Date Published: February 11, 2019
Publisher: Public Library of Science
Author(s): Derek W. Trobaugh, Chengqun Sun, Matthew D. Dunn, Douglas S. Reed, William B. Klimstra, Thomas E. Morrison.
Live attenuated vaccines (LAVs), if sufficiently safe, provide the most potent and durable anti-pathogen responses in vaccinees with single immunizations commonly yielding lifelong immunity. Historically, viral LAVs were derived by blind passage of virulent strains in cultured cells resulting in adaptation to culture and a loss of fitness and disease-causing potential in vivo. Mutations associated with these phenomena have been identified but rarely have specific attenuation mechanisms been ascribed, thereby limiting understanding of the attenuating characteristics of the LAV strain and applicability of the attenuation mechanism to other vaccines. Furthermore, the attenuated phenotype is often associated with single nucleotide changes in the viral genome, which can easily revert to the virulent sequence during replication in animals. Here, we have used a rational approach to attenuation of eastern equine encephalitis virus (EEEV), a mosquito-transmitted alphavirus that is among the most acutely human-virulent viruses endemic to North America and has potential for use as an aerosolized bioweapon. Currently, there is no licensed antiviral therapy or vaccine for this virus. Four virulence loci in the EEEV genome were identified and were mutated individually and in combination to abrogate virulence and to resist reversion. The resultant viruses were tested for virulence in mice to examine the degree of attenuation and efficacy was tested by subcutaneous or aerosol challenge with wild type EEEV. Importantly, all viruses containing three or more mutations were avirulent after intracerebral infection of mice, indicating a very high degree of attenuation. All vaccines protected from subcutaneous EEEV challenge while a single vaccine with three mutations provided reproducible, near-complete protection against aerosol challenge. These results suggest that informed mutation of virulence determinants is a productive strategy for production of LAVs even with highly virulent viruses such as EEEV. Furthermore, these results can be directly applied to mutation of analogous virulence loci to create LAVs from other viruses.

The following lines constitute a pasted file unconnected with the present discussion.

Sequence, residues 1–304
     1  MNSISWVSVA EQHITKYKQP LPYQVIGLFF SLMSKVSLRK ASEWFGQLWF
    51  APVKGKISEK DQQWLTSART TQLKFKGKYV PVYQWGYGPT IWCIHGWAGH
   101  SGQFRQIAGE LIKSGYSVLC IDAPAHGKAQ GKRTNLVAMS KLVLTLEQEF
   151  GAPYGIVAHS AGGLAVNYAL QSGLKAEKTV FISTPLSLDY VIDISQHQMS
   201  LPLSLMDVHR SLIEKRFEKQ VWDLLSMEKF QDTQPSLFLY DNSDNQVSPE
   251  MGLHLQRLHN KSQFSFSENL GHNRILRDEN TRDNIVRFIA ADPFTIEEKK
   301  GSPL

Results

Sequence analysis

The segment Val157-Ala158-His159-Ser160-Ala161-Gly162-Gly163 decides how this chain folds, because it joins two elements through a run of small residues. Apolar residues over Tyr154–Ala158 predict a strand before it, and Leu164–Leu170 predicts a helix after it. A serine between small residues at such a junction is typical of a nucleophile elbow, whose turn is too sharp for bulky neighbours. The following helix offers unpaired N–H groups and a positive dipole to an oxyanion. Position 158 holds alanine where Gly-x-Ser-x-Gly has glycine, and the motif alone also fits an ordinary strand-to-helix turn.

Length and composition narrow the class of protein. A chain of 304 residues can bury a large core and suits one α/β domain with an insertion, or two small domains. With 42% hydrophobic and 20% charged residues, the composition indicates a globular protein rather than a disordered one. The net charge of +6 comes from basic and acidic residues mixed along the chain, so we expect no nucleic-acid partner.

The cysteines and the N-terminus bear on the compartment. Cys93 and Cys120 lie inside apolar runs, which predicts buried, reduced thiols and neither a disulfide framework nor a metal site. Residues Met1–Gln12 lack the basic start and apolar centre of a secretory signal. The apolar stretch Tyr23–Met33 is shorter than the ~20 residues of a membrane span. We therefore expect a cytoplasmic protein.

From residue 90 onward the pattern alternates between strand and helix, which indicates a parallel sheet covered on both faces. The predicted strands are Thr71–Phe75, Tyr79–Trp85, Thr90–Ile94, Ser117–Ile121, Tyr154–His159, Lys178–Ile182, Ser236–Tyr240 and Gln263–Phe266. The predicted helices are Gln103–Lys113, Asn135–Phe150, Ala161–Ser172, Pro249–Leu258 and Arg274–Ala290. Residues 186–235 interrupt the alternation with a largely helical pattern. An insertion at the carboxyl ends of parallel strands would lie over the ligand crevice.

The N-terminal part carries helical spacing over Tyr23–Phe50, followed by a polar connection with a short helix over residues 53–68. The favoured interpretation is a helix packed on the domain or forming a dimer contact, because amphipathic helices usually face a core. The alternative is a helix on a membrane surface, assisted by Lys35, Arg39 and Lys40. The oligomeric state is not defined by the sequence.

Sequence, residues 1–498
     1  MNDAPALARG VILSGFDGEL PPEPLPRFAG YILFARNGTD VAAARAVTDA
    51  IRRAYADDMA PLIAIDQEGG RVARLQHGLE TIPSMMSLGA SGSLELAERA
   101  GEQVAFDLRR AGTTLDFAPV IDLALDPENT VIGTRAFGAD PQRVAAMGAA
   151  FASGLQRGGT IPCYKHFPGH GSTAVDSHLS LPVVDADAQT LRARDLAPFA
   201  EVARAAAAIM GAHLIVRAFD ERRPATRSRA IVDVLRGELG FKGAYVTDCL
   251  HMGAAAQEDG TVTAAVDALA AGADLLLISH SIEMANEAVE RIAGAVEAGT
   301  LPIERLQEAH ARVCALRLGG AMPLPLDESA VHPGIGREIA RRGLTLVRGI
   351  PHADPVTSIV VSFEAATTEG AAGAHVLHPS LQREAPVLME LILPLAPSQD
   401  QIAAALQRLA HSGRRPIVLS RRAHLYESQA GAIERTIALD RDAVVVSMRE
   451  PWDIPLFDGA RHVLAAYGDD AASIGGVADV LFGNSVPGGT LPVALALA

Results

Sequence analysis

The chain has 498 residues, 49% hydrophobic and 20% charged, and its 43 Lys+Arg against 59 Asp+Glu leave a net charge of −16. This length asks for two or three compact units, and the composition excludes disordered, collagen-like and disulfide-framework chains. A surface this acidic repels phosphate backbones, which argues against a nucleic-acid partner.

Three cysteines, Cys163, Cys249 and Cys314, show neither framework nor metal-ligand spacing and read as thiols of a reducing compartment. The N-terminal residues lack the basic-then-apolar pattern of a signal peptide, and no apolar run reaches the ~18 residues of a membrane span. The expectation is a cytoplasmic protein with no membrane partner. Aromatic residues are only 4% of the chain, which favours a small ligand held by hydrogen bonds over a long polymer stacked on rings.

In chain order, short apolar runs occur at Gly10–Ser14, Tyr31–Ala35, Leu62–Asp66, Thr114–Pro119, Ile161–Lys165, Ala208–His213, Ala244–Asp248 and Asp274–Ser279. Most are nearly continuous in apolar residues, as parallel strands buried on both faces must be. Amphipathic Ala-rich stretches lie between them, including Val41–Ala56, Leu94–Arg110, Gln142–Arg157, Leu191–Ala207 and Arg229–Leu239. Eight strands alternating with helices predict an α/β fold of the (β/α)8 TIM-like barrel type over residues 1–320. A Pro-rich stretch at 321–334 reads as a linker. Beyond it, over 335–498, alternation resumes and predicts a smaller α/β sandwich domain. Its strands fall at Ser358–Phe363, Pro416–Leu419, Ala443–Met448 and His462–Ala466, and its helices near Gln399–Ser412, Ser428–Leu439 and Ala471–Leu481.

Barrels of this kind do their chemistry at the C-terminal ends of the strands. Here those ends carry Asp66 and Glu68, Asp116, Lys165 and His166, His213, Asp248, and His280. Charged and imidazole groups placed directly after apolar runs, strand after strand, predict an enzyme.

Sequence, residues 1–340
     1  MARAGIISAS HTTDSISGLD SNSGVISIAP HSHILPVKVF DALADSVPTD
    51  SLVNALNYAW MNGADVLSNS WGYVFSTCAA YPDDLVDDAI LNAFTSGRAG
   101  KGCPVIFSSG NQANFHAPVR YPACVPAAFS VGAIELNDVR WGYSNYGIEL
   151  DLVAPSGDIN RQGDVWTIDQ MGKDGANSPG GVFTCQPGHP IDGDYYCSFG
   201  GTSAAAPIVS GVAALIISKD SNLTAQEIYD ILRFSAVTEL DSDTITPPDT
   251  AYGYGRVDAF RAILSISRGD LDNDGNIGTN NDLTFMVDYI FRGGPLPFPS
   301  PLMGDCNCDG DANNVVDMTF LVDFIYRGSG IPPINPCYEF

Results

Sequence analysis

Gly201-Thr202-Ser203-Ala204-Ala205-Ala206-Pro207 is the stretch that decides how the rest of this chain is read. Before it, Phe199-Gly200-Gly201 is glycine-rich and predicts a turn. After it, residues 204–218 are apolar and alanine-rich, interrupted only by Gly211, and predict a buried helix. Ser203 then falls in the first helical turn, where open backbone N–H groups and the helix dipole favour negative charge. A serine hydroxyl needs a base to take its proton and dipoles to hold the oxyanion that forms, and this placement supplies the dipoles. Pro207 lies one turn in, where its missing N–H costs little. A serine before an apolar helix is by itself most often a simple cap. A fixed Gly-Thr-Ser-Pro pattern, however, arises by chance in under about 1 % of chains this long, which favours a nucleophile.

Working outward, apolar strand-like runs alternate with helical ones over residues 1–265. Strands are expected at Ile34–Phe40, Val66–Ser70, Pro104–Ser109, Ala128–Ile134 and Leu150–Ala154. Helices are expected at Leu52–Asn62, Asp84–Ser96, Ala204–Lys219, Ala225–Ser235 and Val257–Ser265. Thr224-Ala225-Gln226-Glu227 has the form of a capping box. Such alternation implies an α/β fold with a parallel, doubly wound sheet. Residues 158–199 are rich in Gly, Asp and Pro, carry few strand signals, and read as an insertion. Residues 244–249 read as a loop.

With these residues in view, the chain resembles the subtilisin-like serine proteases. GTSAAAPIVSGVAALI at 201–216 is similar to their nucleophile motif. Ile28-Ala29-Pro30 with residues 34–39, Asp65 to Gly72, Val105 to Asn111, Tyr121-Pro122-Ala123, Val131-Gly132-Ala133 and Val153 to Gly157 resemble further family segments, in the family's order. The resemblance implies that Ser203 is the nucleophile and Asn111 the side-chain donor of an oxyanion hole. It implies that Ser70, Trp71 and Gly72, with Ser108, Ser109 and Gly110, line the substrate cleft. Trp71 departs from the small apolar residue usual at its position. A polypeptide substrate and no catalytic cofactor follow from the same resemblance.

Vaccines against virus pathogens have been licensed in the United States since 1914  and most are inactivated or live-attenuated viruses. Inactivated vaccines are viruses that have been killed using either formaldehyde (polio virus, influenza virus, and hepatitis A virus) or β-propiolactone (influenza virus) rendering the virus unable to replicate after vaccination . Live-attenuated vaccines (LAVs) are live viruses that either have been mutated, most commonly by blind passage (e.g., ), or exhibit host incompatibility to reduce virulence after vaccination . Smallpox, measles, mumps and rubella virus (MMR), varicella virus (chicken pox), rotavirus, and yellow fever virus vaccines are LAVs that are currently FDA approved [5,6].
LAVs are an effective tool in combating medically important pathogens. However, LAVs can induce adverse events in some individuals limiting their use and distribution. Historically, LAVs have been generated by blind passaging in cell culture or animal models until attenuation was achieved. This serial passaging led to the accumulation of mutations in the virus genome that decreased virus virulence. While the mutations could be identified by sequencing, their specific mechanisms of attenuation were rarely known. This has remained true for very widely used LAVs such as the YFV 17D LAV  or the poliovirus LAV , which have been given to hundreds of millions of individuals. For example, with the exception of a substitution to positive charge in the DIII loop of the YFV E protein that confers enhanced interactions with heparan sulfate , the molecular attenuation mechanisms conferred by some or all of the 31 specific mutations in YFV 17D LAV have not been well characterized . In addition, attenuating mutations selected by blind passage of LAVs are not designed to resist reversion and often involve single nucleotide changes [3,10–12]. This can lead to rapid reversion to non-attenuated phenotypes [15,40].